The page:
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An important guide on Angular Directives and their types


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Angular_Directives_and_their_types

Table of Content

What are Angular Directives?

Directives are instructions in the DOM that specify the way to place your components and business logic within Angular. These are basically custom HTML attributes that tell angular to alter the style or design or behavior of the DOM elements. Directives are building blogs of the angular applications.

Angular Directive is largely a category with a @Directive decorator. Decorators are methods that simply modify JavaScript classes.

What are the types of Angular Directives?

There are three kinds of Angular Directives:

  1. Components
  2. Attribute Directives
  3. Structural Directives


Components:

In component directives, there are three parameters.

  1. (i) selector: It tells the template tag which specifies the beginning and end of the Component.
  2. (ii) templateUrl: It specifies the template used for the component.
  3. (iii)styleUrls: It consists of all the fashion format for the actual component.

Let’s understand component directive by Example:


import { Component } from '@angular/core';

@Component({
  selector: 'app-root',
  templateUrl: './app.component.html',
  styleUrls: ['./app.component.css']
})
export class AppComponent {
  
}


Attribute Directive

Attribute Directives listen and modify the behaviour of the DOM elements.

The most common attribute directives are following:


(i)NgClass:

NgClass adds and removes CSS classes to DOM elements. There are Expressions in the NgClass like;

(a) String: This CSS class would accept the string when passed.

Following is that the Example of String in NgClass:


Passing String in class:

(b)Object: Passing the object in button as true in ngClass.

Following is that the Example of Object in NgClass:


Passing object in class:

(c)Array: These CSS classes declared as array elements are added.

Following is that the Example of Array in NgClass:


Passing Array in Class:


(ii)NgStyle:
  1. It is used to style the properties of Angular.
  2. And many inline styles can be set simultaneously by binding the ngstyle.
   

Following is an Example of NgStyle:


Hello! This is the Example of ngStyle directive

The Output of this Example is here:

ngstyle_directive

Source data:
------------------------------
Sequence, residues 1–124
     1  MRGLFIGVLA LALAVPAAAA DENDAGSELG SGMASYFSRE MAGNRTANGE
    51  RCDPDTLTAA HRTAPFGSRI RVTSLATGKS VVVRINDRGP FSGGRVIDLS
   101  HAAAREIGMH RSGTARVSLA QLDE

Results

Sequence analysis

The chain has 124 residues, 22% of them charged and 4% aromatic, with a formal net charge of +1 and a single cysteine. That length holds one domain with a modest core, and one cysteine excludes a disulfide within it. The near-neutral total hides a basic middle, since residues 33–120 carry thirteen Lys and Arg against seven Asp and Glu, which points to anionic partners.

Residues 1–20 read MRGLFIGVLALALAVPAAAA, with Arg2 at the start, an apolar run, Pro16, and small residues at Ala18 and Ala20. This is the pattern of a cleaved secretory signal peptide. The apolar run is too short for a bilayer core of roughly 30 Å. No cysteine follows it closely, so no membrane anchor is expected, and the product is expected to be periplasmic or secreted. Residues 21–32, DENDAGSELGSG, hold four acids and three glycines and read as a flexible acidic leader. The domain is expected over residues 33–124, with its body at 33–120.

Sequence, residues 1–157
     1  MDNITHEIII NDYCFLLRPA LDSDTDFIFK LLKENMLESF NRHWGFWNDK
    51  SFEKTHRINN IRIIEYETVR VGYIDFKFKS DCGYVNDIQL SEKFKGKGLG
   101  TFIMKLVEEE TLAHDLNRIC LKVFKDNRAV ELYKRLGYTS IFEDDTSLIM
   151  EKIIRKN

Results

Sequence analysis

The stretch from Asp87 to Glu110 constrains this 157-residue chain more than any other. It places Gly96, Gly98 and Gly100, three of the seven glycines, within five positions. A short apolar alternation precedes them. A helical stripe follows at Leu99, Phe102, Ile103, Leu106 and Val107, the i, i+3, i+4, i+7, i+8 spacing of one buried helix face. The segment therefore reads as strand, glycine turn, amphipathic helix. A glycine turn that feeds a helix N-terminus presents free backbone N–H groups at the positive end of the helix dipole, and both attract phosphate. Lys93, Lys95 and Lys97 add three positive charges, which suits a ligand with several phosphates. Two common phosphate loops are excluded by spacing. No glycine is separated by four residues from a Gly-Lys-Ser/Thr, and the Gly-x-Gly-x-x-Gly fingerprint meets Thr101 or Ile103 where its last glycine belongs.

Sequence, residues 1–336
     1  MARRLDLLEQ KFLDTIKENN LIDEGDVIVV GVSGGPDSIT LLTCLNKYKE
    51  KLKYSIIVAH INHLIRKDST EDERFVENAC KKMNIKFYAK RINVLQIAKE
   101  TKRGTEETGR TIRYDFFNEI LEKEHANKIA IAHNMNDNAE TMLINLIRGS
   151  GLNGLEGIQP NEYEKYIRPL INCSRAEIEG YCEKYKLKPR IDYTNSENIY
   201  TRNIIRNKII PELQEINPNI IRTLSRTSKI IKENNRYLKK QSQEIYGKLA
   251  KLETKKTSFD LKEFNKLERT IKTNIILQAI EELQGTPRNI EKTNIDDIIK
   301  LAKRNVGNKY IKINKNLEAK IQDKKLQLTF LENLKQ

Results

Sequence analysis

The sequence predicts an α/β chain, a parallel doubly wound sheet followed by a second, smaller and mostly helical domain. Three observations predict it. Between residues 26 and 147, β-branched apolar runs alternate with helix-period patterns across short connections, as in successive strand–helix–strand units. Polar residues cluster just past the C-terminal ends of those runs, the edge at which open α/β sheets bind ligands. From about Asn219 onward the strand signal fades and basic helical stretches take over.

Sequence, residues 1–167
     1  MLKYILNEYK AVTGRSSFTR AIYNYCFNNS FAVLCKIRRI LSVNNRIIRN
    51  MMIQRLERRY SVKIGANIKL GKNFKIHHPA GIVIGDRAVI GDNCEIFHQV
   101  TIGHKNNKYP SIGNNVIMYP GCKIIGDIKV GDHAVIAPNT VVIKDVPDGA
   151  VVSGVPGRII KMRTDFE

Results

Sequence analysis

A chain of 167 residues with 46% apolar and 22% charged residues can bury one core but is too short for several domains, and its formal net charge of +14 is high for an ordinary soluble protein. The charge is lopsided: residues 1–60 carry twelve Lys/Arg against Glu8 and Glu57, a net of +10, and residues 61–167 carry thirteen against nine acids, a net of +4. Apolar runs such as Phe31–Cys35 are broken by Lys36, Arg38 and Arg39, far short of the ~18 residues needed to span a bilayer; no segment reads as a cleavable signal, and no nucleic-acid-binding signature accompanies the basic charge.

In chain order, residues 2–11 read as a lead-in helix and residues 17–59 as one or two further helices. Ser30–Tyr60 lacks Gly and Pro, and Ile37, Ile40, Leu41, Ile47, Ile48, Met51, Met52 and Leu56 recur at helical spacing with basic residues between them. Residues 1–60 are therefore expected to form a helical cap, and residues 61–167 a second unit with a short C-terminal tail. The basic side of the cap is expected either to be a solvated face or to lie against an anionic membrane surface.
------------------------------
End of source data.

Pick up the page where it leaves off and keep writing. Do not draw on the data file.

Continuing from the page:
The Output of this Example is here:


(iii)NgModel:
  1. NgModel is a directive that binds the input, select, checkbox, date picker, span, etc., and stores the specified variable.
  2. It is also used in the Form Variables.
  3. It is additionally applied in Form Validations.
  4. NgModel exported from the FormsModule.
  5. NgModel is an extremely useful concept within Angular.
  6. It is additionaly called Two-way Data Binding.

Following is an example of NgModel:

You can see the code which is within the component.html file. In this example, we can bind the name with the ngModel.

 

{{ name }}

Now, we give the name variable within the component.ts file.

import { Component } from '@angular/core';

@Component({
  selector: 'app-root',
  templateUrl: './app.component.html',
  styleUrls: ['./app.component.css']
})
export class AppComponent {
name='demo';
}

Another thing is, once we use NgModel, we must import FormModule in the app.module.ts file. This is shown in the following code.

import { NgModule } from '@angular/core';
import { BrowserModule } from '@angular/platform-browser';
import { FormsModule } from "@angular/forms";
import { AppRoutingModule } from './app-routing.module';
import { AppComponent } from './app.component';

@NgModule({
  declarations: [
    AppComponent
  ],
  imports: [
    BrowserModule,
    AppRoutingModule,
    FormsModule
  ],
  providers: [],
  bootstrap: [AppComponent]
})
export class AppModule { }


Structural Directive:

  1. Structural Directives are answerable for the structure and Layout of the DOM element.
  2. It won’t hide or display the items on the DOM elements.
  3. Structural Directives are easily identified using the ‘*’

There are three built-in structural directives:

  1. (i) NgIf
  2. (ii) NgFor
  3. (iii)NgSwitch

(i)NgIf
  1. This Directive removes the HTML element if the expression is evaluated as false.
  2. If the statement is true, a copy of the Element is added in DOM.

Following is an example of ngIf Directive:

For example, let’s consider component.html file, here we have created a button with show/hide property. Next, we made a condition for showing or hiding the div.


Div Content is here..

Then we move to component.ts file. Here, we have created the variable as isShown having Boolean datatype. By default, its value is set to false. Next, we made a button event name as toggleShow(). And here, we have performed the functionality on div to display it or not.

import { Component, OnInit } from '@angular/core';

@Component({
  selector: 'app-login',
  templateUrl: './login.component.html',
  styleUrls: ['./login.component.css']
})
export class LoginComponent implements OnInit {
    constructor() { }

    ngOnInit(){
    }
isShown:boolean=false;
  	toggleShow(){
   	 this.isShown=!this.isShown;
}
}

And the output is here:

img2

[output:1 of NgIf Directive Without clicking the button]


Next, when we click the show/hide button then div is shown and vice-versa. Here it is:

img3

[output:2 of NgIf Directive by Clicks the button]

 

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(ii)NgFor

This Directive is used as a repeat Part of HTML Elements once per item from a Collection.


Following is an example of ngFor condition.